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Researchers Propose New Approach to Address Online Password-Guessing Attacks
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Eduardo R.
50%
50%
Eduardo R.,
User Rank: Apprentice
4/26/2019 | 1:50:14 AM
Interesting Read
Definitely something to look out for. Thanks for taking the time to write this article. Really learned a lot out of it.

 

-Eduardo R. - Sioux Falls <a href="https://www.siouxfallshomecleaning.com/">House cleaning services</a>
REISEN1955
50%
50%
REISEN1955,
User Rank: Ninja
3/1/2019 | 8:24:11 AM
Re: Breadth vs. Depth
Did not think of that but some sites have about 5 increase time-out periods before locked.  And some are damn hard to get into anyway.  Social Security asked about 5 questions about old loans that I totally forgot about or were sold to different financial carriers.  Bad answers?  Locked for 24 hours.  Not easy to get into.  Let's also get rid of admin/admin accounts for starters and default device passwords - inclusive of printers.  Web hosts by printers is a great way to gain entry and an internal IP address.  There was a Google search string years ago that provided the internal page of Office Jet printers around the world!  With internal IP too.  Oh, that is an open door.  So passwords - make 'em complex and change every 3 months or even 2 better.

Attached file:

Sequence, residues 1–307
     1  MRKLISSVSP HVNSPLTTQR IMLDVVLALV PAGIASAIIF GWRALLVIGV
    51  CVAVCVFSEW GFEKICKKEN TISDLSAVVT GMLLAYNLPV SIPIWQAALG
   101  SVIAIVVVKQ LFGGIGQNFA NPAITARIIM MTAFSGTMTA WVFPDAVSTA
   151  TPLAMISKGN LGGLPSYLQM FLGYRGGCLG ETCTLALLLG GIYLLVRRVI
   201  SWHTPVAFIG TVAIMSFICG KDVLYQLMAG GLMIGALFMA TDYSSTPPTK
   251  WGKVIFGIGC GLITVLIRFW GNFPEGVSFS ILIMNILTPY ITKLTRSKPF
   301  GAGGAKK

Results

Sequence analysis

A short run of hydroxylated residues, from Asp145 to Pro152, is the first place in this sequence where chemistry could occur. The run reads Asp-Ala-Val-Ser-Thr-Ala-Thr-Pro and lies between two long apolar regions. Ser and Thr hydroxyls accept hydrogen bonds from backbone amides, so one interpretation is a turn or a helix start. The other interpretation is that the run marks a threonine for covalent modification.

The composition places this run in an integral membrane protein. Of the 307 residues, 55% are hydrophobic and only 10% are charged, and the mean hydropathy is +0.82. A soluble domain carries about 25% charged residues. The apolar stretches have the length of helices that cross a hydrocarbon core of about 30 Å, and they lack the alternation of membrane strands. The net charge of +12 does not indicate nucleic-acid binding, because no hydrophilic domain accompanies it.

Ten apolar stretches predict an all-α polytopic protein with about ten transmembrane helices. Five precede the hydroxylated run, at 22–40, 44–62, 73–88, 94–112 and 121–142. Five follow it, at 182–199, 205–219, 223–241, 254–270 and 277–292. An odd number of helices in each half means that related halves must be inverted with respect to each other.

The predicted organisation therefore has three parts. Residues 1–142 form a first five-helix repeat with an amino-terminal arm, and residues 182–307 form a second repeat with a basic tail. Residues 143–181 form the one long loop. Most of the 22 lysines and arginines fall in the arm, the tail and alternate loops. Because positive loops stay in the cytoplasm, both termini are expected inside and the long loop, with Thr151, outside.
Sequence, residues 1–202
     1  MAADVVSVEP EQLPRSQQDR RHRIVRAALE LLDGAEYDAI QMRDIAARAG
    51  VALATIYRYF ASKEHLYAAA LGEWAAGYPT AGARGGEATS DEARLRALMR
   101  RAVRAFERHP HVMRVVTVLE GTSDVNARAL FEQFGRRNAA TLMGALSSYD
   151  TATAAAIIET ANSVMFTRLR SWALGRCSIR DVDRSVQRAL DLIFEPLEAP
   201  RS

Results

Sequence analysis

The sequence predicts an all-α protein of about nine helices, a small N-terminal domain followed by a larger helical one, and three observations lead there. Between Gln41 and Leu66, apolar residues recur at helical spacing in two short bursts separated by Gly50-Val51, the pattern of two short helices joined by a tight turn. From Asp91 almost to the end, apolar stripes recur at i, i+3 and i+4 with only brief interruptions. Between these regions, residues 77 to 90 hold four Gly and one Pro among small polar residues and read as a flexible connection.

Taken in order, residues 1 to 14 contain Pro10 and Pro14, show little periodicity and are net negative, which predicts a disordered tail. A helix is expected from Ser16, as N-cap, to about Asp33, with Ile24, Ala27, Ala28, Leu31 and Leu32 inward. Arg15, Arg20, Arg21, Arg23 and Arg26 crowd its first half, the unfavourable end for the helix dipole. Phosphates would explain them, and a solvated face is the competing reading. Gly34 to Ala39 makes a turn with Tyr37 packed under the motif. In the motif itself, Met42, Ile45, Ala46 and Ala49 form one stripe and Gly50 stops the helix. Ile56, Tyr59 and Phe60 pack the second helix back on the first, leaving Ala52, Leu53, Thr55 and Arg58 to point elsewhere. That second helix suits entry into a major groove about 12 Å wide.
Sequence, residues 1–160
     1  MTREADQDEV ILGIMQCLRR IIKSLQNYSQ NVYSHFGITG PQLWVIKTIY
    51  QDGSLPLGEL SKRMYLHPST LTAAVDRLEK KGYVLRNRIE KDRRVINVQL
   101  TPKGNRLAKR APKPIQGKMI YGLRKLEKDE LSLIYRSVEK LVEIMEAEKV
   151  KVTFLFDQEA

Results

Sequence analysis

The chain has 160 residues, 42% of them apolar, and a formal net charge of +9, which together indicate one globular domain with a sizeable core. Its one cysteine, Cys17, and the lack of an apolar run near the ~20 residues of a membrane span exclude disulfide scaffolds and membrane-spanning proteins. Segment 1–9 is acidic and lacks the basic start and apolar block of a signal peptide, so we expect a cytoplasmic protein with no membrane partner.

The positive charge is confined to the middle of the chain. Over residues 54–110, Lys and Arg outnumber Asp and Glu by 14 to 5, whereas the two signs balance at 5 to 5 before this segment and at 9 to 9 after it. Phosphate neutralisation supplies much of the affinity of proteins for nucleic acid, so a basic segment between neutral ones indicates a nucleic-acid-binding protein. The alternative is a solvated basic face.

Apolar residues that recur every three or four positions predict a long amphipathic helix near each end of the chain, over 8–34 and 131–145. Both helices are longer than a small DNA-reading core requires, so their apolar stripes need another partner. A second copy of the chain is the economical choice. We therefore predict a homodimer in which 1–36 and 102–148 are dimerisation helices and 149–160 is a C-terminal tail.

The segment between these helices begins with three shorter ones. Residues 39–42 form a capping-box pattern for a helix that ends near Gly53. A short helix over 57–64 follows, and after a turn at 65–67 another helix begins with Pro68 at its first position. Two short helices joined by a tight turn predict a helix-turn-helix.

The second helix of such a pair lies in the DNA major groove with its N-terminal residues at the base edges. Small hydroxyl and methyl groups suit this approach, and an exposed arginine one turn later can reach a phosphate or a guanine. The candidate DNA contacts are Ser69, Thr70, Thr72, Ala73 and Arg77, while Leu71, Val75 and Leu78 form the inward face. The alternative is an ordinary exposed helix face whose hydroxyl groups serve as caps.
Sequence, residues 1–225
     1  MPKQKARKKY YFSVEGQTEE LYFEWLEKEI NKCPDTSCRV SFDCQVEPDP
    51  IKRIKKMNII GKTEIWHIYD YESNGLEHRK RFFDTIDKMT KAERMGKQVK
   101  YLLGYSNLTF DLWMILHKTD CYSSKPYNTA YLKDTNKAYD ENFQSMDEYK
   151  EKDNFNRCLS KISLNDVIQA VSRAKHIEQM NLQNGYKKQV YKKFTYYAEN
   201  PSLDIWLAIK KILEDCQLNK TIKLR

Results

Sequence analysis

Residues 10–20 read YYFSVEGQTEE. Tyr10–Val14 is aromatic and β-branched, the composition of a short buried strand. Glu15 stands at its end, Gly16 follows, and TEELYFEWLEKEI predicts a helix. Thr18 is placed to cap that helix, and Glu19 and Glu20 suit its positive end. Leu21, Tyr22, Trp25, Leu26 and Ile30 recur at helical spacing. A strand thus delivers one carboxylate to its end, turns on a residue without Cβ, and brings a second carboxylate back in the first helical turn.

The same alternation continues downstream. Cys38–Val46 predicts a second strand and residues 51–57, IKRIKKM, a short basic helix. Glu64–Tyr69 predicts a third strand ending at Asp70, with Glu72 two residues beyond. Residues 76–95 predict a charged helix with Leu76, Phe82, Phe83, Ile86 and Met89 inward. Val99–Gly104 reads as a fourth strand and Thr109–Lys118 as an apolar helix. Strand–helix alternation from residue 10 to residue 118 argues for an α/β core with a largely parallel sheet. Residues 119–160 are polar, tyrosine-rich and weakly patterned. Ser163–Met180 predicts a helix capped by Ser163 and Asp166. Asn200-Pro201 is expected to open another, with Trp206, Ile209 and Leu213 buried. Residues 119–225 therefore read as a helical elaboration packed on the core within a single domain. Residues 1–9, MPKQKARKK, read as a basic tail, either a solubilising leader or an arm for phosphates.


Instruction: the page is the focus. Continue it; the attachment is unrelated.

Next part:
Joe Stanganelli
50%
50%
Joe Stanganelli,
User Rank: Ninja
2/27/2019 | 2:12:08 PM
Re: Breadth vs. Depth
3 might be rather stringent. There are times I can't get it right in 6 tries.

But one bit of advice I heard once was to have gradually increasingly long pauses/periods for each successive attempt. Need 5 tries to get your password right? No big deal. Need 3,000? Then you're obviously a bot and the login will be effectively DDoS'd.
REISEN1955
50%
50%
REISEN1955,
User Rank: Ninja
2/27/2019 | 1:32:09 PM
Re: Breadth vs. Depth
This may seem really basic  but account lockout periods work too.  3 attempts and the account is locked for, oh 15 or 20 min.  
Joe Stanganelli
50%
50%
Joe Stanganelli,
User Rank: Ninja
2/25/2019 | 8:13:11 PM
Breadth vs. Depth
At the same time, aren't breadth-first attacks more common insofar as attackers seek/prefer low-hanging fruit?

I suppose certain targets are juicier than others, but assuming all things being equal and you don't have a red dot on you, preparing against breadth-first attacks first seems like a good idea, no?


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